Greetings, Patient Advocates!
After three rewarding years serving as chair of the Government Affairs Committee (GAC) for the American College of Rheumatology, it is bittersweet to announce that this is my final post. Later this month, we will welcome Dr. Blair Solow (@BlairSolowMD) as the new GAC chair, and Simple Tasks advocacy efforts will continue under her capable leadership.
As I was reflecting on what I wanted to say in my final post, I kept thinking about the amazing patients I have met through this role. It is relatively easy for rheumatologists to talk to lawmakers about our experiences as doctors. It is another thing entirely for patients to share intimate and sometimes painful details about their private lives and medical histories with a roomful of strangers – all for the sake of helping others. That takes real courage and fortitude, and I’ve been honored to share the podium with patient advocates during Congressional briefings, hearings, and meetings with lawmakers.
Great day on Capitol Hill with amazing rheumatologists(including my own!), speaking with Maryland lawmakers about issues relating to health care and rheumatic conditions. So excited to participate in the process.#RDAM,#Act4Arthritis,#Simpletasks pic.twitter.com/xR2IMg6tVs
— Laura Torchinsky (@Lwtorchi) September 10, 2019
I’ve also learned a few things about advocacy along this journey. First, every voice matters. From the moment a rheumatologist or person with arthritis decides to speak up about an issue, to the moment our collective efforts culminate in a victory on Capitol Hill, there is no substitute for the power of individual voices and stories. Margaret Mead was right when she said, “Never doubt that a small group of committed citizens can change the world, indeed it is the only thing that ever has.” Your voice and your story matter.
Thanks Senator @DougJones
for leading #StepTherapy reform! Alabama team
advocates including Drs. Crayne & Schnell also spoke about solving the workforce shortage so kids can see a specialist when they need it!@schnell_amanda @CrayneCB @UABRheum pic.twitter.com/VNE7Oh5Qzs
— Angus Worthing MD (@AngusWorthing) September 10, 2019
Second, I’ve learned that despite the hyper-partisanship in Washington these days, it is still possible to find common ground when it comes to issues of patient health and wellbeing. The solutions we advocate for in the rheumatology community are common-sense, bipartisan initiatives that leaders on both sides of the aisle can support. We cannot allow ourselves to become jaded by what sometimes feels like a polarized political environment. Change is not easy, but it is possible.
Finally, there is never a dull moment in the world of advocacy. It is exciting, exhilarating and rewarding work that introduces you to fun, interesting and energizing people. Getting the chance to travel and meet dedicated rheumatologists and patient advocates across the country (including in Alaska!) has been a highlight of my time as chair. I am so grateful and very proud of the successes achieved by our team of staff, volunteers, and grassroots advocates during my tenure. Here are just a few highlights:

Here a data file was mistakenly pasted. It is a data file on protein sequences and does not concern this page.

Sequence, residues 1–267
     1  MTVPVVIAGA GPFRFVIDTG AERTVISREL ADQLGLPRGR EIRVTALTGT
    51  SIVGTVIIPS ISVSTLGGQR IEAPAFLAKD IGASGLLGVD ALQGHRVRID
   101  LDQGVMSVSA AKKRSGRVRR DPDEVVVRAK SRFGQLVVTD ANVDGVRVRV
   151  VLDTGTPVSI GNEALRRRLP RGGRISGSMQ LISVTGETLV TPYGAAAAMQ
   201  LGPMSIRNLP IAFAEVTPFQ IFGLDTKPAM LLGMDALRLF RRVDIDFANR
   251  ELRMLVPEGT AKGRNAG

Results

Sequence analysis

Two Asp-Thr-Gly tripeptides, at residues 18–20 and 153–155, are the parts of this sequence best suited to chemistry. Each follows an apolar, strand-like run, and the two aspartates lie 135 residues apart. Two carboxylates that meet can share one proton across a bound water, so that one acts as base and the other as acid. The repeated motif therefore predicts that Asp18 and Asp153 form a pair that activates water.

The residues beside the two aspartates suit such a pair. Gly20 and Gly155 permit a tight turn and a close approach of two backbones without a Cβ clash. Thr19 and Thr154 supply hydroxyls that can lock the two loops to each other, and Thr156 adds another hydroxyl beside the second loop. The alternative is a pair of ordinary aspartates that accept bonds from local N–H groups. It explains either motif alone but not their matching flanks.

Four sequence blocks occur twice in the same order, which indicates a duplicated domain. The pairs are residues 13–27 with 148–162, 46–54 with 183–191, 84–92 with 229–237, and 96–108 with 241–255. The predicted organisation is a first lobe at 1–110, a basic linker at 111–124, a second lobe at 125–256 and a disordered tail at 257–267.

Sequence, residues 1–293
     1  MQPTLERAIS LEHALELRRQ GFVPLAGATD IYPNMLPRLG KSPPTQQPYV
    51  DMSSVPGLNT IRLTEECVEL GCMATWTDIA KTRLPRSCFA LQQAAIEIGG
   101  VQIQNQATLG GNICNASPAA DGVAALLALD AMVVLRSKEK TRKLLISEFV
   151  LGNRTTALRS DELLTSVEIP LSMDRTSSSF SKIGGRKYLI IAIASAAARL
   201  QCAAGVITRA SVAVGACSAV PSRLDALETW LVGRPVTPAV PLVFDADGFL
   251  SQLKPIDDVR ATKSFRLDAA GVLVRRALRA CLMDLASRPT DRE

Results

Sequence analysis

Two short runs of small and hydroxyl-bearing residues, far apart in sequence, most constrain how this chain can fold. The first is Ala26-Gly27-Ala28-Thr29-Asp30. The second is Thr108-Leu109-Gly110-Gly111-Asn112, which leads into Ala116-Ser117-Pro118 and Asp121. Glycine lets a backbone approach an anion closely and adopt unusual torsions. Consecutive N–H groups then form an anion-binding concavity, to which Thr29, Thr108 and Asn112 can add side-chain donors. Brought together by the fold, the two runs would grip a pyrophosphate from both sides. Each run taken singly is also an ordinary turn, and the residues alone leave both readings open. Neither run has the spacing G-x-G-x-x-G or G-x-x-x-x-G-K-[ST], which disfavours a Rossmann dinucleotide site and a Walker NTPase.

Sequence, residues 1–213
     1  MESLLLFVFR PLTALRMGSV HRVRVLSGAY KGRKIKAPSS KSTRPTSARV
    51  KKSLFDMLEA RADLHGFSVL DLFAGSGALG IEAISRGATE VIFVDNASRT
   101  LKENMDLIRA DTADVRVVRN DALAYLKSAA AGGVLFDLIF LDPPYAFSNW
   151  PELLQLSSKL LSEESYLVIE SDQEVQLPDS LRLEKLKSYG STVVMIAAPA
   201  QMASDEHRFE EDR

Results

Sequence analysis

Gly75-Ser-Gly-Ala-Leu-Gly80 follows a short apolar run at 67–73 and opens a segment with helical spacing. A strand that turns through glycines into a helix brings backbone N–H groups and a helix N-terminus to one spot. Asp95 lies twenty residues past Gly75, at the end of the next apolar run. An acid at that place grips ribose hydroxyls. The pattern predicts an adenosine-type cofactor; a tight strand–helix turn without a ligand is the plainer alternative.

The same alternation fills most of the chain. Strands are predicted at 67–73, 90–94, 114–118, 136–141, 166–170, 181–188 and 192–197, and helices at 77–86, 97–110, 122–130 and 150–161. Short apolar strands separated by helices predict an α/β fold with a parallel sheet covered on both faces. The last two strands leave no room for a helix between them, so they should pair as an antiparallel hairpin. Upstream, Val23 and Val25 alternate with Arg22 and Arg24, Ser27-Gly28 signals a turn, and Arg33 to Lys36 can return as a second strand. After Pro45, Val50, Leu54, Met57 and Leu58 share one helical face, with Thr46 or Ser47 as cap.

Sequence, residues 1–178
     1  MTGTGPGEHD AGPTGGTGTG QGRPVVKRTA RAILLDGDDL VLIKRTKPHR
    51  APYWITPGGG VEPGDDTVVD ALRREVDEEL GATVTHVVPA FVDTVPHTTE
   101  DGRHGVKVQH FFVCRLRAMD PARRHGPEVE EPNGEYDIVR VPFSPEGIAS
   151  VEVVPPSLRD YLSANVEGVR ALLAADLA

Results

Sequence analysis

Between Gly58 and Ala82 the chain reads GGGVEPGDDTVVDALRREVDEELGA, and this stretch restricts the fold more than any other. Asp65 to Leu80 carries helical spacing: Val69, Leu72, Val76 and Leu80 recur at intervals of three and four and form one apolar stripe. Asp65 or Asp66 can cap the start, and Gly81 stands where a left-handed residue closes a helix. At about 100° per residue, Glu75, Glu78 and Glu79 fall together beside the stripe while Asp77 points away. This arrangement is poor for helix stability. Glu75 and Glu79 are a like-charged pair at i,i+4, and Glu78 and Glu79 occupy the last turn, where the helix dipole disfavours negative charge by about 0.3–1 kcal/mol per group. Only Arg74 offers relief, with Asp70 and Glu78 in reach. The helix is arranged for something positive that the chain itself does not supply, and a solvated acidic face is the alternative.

- Successful adoption of a 365-day lookback period under Medicare Part B that ensures patients currently receiving in-office medications through Medicare won’t have to go through step therapy.
- Growing our Simple Tasks advocate network to include patients from all 50 states who are ready and willing to reach out to their Members of Congress and local media.
- Media coverage in the New York Times about the undervaluing of complex rheumatology services in Medicare. The story, along with our other advocacy efforts, helped convince the Administration to make changes that will help protect patient access to high-quality rheumatology care and services. (Plus, I got to show my mom that I made the paper!)
- A highly technical, yet critical correction in legislation that ensures doctors are not penalized by Medicare for prescribing specialty drugs to patients.
There are many more successes, but these are just a few. And of course, challenges remain. We need to improve patient access to breakthrough drugs and lower specialty drug costs. We need policies that promote the use of safe and effective biosimilars, and that prevent pharmacy benefit managers from receiving kickbacks that drive up drug costs. We must protect access to innovative and inexpensive diagnostic technology that helps diagnose osteoporosis and make sure patients can see a rheumatologist when they need one.
I am looking forward to seeing Dr. Blair Solow, our incoming chair, guide the ACR’s advocacy efforts to new heights. Dr. Solow is a rheumatologist, researcher, and educator at UT Southwestern with an even longer advocacy resume – including helping to build the first-of-its-kind advocacy bootcamp for rheumatology fellows in training for the ACR.
And although I am stepping down as chair, I am not stepping away from advocacy. You can always find me on Twitter at @AngusWorthing, and I look forward to working alongside each of you to address these critical issues in the years to come.
Take care – and thank you for helping the American College of Rheumatology #Act4Arthritis.
Angus Worthing, MD